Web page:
Lastly, Professor Kramer is working with Dr. Debby Carr on The Wisconsin Study of Families and Loss (WISTFL) that is in investigating the experiences, feelings, and opinions of the family members of Wisconsin Longitudinal Study (WLS) participants who have recently passed away. WLS participants include men and women who graduated from Wisconsin high schools in 1957, and were re-interviewed at ages 36 (in 1975), 53-54 (in 1993), and 64-66 (in 2003-05).
The WISTFL study will examine the impact of both medical and financial end-of-life planning on the psychological and financial well-being of two bereaved significant others who are deemed most knowledgeable about the death. Because the WLS obtained detailed data on the decedents’ end-of-life planning prior to the time of death, they have the unique opportunity to examine prospectively the influence of end-of-life planning. They also will investigate three possible pathways linking end-of-life planning with survivor well-being: the quality of care received by the decedent, the nature of the dying process, and conflicts surrounding end-of-life care.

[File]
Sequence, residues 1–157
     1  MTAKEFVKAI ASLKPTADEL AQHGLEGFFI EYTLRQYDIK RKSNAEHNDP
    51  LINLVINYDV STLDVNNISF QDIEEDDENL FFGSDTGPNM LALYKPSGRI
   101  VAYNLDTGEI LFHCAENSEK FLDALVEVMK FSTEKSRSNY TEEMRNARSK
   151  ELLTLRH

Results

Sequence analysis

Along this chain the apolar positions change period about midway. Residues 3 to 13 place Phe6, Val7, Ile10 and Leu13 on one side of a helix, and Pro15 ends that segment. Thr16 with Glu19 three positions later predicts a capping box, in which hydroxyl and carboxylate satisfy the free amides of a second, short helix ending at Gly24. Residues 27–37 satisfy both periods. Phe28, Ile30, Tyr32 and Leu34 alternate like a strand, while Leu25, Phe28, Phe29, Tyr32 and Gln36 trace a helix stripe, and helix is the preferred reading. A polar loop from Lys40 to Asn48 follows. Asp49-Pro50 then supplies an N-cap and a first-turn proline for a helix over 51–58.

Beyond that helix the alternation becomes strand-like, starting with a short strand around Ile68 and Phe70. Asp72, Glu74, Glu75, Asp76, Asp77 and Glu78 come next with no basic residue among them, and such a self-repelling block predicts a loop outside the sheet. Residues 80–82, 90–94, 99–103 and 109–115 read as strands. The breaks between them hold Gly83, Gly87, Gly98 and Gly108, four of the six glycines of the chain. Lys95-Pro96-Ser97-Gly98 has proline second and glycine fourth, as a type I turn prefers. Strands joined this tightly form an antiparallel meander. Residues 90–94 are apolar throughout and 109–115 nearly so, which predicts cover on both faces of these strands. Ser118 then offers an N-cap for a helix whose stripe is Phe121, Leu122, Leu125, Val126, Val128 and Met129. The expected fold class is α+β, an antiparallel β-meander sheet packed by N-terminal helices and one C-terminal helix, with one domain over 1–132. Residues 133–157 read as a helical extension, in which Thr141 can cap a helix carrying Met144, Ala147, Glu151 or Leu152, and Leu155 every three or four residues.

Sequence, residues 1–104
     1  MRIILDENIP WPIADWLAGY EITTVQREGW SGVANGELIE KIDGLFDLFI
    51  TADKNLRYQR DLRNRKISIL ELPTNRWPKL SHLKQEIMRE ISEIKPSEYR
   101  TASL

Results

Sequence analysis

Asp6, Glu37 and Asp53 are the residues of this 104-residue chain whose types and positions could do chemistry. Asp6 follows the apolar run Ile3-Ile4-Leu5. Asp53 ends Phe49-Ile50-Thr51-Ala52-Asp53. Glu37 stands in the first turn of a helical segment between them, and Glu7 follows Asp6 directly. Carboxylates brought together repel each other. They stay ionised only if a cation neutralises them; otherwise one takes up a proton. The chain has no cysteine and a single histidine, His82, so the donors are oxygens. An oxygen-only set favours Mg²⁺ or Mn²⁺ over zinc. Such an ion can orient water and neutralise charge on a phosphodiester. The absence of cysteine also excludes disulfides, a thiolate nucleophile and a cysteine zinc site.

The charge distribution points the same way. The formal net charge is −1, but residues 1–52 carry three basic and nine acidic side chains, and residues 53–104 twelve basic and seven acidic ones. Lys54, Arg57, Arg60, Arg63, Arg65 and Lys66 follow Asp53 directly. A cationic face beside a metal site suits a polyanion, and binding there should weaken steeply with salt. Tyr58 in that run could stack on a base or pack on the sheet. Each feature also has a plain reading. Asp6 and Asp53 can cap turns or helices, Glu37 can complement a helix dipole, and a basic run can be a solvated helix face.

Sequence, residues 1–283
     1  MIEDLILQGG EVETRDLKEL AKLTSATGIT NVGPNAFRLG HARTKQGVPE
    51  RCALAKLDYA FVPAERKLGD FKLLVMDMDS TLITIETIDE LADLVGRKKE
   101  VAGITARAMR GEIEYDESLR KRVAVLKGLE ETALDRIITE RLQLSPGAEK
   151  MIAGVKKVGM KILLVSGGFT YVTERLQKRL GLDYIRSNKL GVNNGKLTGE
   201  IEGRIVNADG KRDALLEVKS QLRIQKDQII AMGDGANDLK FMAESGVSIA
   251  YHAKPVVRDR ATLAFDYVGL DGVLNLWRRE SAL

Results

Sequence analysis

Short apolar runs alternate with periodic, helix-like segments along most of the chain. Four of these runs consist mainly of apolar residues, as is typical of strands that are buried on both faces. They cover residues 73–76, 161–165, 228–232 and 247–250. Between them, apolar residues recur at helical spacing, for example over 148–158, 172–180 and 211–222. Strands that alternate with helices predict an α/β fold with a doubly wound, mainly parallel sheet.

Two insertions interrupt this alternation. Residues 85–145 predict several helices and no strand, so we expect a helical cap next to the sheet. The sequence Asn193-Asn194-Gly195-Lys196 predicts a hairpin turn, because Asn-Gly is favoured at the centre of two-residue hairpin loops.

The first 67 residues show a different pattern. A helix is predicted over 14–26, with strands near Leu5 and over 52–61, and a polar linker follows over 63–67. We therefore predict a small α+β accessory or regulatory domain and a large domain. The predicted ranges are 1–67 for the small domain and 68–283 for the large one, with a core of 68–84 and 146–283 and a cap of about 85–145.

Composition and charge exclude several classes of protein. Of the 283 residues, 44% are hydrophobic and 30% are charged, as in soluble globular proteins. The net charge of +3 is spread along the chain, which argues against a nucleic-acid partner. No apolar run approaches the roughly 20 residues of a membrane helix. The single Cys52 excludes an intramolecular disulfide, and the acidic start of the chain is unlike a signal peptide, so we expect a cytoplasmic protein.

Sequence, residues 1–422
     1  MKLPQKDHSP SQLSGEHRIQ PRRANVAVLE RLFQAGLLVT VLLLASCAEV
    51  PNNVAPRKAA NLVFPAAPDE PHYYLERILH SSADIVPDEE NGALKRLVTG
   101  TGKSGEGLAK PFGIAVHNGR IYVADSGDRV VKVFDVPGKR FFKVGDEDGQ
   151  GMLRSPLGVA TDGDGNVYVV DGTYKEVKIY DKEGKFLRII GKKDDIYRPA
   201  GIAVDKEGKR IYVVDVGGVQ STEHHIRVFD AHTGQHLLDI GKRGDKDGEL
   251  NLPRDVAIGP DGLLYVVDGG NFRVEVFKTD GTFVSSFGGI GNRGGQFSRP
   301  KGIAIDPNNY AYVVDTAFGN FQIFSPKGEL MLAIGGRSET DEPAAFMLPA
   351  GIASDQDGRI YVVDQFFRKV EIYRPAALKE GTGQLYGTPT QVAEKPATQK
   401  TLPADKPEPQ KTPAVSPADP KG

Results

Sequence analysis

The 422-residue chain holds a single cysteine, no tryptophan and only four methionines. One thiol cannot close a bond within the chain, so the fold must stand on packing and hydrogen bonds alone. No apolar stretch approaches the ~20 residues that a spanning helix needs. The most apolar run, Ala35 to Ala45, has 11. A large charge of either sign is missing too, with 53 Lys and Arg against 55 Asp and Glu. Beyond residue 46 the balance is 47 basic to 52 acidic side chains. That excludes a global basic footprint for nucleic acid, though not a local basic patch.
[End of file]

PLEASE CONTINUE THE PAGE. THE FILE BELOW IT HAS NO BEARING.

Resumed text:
Innovations in End-of-Life Care for Low-Income Elders
Funded by a grant from the Milwaukee County Department on Aging, this study uses a multi-method approach, including documentation review of current protocols and procedures, focus groups and in-depth interviews with care managers from care management units contracted by the Milwaukee County Department on Aging (MCDA), key staff from MCDA, and local end-of-life care experts. This study identified major areas of end-of-life care needs of the FC members, primary objectives and process goals addressed by the care management teams, and challenges and barriers to coordinating end-of-life care for FC members across different long-term and acute care settings. This in-depth examination and documentation of how end-of-life care is coordinated and delivered in Wisconsin Family Care provides important practice and policy implications for MCDA’s Care Management Organization (CMO) and other CMOs participating in the WFC program.
Assessing the Psychosocial Needs of Terminally Ill Elders